Now let’s find out how much those same governments spent on the labour market to support the unemployed and the people encountering problems in relation to their job. According to a survey by Eurostat (the EU statistical service) published on 19 December, “In 2011, EU Member States spent a total of €205bn on Labour Market Policy (LMP) interventions to support the unemployed, people in work but at risk of involuntary job loss, and others needing help to make the transition into work. In relative terms, that figure represents just under 2 % of the combined GDP of Member States (excluding Greece)”.

Only 3.7% of GDP for the labourers

The survey continues like this, “A first illustration of this is the extent to which expenditure on LMP as a proportion of GDP varies between countries. The highest relative level of expenditure in 2011 was reported in Belgium and Denmark (both 3.7 % of GDP), followed by Ireland and Spain (both 3.6% of GDP) – the only other EU Member States to spend more than 3 % of their GDP on such interventions. At the other end of the scale, ten Member States spent less than 1 % of GDP on LMP: Bulgaria, the Czech Republic, Estonia, Latvia, Lithuania, Malta, Poland, Romania, Slovakia and the United Kingdom”.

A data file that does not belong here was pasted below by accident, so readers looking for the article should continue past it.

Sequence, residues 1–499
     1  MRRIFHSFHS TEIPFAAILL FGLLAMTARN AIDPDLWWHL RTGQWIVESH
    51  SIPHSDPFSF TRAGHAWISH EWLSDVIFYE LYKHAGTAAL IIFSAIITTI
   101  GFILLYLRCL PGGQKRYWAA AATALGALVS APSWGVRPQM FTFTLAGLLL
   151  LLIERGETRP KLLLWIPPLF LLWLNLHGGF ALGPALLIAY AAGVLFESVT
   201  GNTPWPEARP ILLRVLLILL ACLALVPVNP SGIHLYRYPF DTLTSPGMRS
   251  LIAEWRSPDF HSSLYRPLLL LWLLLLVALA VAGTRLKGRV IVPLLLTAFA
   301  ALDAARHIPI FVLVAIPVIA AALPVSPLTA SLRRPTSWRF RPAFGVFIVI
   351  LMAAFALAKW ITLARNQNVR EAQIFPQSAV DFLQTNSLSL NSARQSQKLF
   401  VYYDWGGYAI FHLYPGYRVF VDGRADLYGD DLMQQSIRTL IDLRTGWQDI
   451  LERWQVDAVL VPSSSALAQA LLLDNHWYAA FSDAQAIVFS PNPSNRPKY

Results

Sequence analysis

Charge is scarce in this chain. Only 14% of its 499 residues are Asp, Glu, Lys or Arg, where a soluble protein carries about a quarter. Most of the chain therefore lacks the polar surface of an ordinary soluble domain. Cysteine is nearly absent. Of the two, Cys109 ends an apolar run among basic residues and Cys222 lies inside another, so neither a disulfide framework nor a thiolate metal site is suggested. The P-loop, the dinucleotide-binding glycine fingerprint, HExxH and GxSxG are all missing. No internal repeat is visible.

Now, one can compare what certain EU member states have spent on banks and what on people having problems with their job. Take for example Spain and Ireland. Both those countries went bankrupt because their governments decided to bailout some private financial firms with taxpayers’ money (the Anglo Irish Bank with €32bn and the Spanish Bankia with €22bn amongst others). Of course the Irish and the Spanish private lenders had not bet their customers’ money but money they borrowed from German and French banks. In reality, the Madrid and Dublin governments decided to repay in full the risky placements of some German and French bankers in the Irish and the Spanish real estate sector bubble.